Many may feel that the onus is too big and that our shoulders are too weak to bear the weight of such a huge responsibility. The future has been entrusted to us by our parents whose efforts gave us a wonderful today. Therefore, it is up to us to create a better tomorrow for the coming generations by valuing the golden words of Dr Kalam. With this, I conclude my speech.

Thank you all for your patience and cooperation.


Sample 7

Are Smartphones Status Symbols?

Dear friends,

     What exactly is a status symbol? It is an object that a person uses to add value to his or her social status. The very existence of this term speaks volumes about the values of our present generation. There are things an average individual can be proud about—his intelligence, his moral rectitude and his personality. But in today‟s world, where a man‟s achievements are measured by the wealth he possesses, we often find ourselves flaunting our materialistic possessions and using them as extensions of our selves. One of those things is the smartphone.

     When the phone made its entry into the market, it was a thing of wonder. Today, the smartphone has become a fairly ubiquitous device. It is no longer the prerogative of gizmo freaks and the rich. Today, even school-going children own cell phones. One may think that if something becomes commonplace, it may no longer have a special status. One cannot be more wrong.

     Today, the smartphone category has diversified and we have phones to suit everybody‟s budget. From the low end phones that only facilitate phone calls and SMS, to the expensive high end ones that have one too many features; there are so many phones to choose from. However, we have gone beyond the functional use of a smartphone; it stands for our social status and our spending power.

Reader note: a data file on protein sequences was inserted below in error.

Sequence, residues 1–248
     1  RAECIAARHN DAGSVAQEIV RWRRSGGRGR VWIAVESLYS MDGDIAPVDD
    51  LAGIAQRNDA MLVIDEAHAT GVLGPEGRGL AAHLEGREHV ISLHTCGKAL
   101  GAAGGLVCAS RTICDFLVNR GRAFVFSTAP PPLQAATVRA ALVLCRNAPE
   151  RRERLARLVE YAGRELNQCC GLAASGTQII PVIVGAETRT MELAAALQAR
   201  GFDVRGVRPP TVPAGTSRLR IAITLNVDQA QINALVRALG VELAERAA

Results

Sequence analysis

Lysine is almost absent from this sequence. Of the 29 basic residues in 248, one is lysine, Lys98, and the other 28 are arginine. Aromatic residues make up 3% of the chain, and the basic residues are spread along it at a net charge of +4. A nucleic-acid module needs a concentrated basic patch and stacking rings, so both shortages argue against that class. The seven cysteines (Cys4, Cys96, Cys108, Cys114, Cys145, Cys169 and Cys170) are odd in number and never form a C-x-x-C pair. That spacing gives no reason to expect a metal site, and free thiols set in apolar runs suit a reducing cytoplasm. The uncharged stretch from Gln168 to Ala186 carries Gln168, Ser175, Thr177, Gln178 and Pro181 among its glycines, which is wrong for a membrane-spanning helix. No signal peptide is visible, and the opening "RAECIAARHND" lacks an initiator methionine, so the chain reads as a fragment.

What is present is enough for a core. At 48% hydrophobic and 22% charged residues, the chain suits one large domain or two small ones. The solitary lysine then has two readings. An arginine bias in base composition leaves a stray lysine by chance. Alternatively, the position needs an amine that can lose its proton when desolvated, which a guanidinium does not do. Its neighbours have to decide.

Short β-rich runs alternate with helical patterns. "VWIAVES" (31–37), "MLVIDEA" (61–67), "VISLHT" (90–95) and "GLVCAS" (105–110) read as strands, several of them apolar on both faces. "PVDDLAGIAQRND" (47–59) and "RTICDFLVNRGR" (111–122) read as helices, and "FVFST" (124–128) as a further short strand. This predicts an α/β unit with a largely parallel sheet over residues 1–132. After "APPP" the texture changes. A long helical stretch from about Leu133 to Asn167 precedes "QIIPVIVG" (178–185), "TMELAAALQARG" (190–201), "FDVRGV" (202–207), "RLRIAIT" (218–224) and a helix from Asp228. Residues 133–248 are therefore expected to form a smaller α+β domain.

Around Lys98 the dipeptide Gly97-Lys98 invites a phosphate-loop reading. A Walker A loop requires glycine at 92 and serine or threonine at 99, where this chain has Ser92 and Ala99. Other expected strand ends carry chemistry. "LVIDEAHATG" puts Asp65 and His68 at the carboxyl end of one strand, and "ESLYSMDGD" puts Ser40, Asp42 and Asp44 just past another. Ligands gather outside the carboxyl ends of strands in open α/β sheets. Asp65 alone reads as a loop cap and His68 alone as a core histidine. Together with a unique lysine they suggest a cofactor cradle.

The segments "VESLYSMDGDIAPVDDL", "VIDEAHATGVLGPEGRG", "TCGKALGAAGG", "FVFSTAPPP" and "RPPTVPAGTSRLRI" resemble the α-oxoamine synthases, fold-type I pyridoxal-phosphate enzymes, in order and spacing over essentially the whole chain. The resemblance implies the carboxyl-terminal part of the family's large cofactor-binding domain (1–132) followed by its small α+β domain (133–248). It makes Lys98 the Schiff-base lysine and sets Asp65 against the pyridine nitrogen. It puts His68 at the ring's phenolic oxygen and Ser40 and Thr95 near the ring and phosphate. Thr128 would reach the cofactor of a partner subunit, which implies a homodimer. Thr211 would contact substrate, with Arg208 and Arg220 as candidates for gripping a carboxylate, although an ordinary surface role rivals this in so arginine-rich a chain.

Devices like the iPhone have created a sub-section among cell phone users. The ownership of such phones promises the users entry into an exclusive elite group. Such is the madness that the youth often go to any lengths to clinch a fancy phone for themselves. They create an illusion of affluence.

     Sadly, the youth fail to realise the hollowness of such endeavours. The illusion thus created lasts only as long as the phone does. A phone that was coveted by many this year may no longer interest them when its upgraded version arrives.  An iPhone 5 may seem less desirable in front of the iPhone 6.

    Like chasing a mirage, we shall never achieve permanent glory of owning a fancy phone. Let us open our eyes to this bitter reality and shun these shallow ways and focus on the glory that can be achieved by our perseverance and hardwork. On this note, I conclude my speech.

Thank you all for your patience and cooperation.


Sample 8

India, a Land of Tolerance

Respected Principal, teachers and my dear friends, 

     I, Maya Gupta from Vidyamandir High School, am here to talk about the factors that are affecting our national unity. Ours is a country that prides itself on its diversity, a nation that houses many religions, philosophies, ethnicities, languages and cultures. India is a shining example of modern pluralism.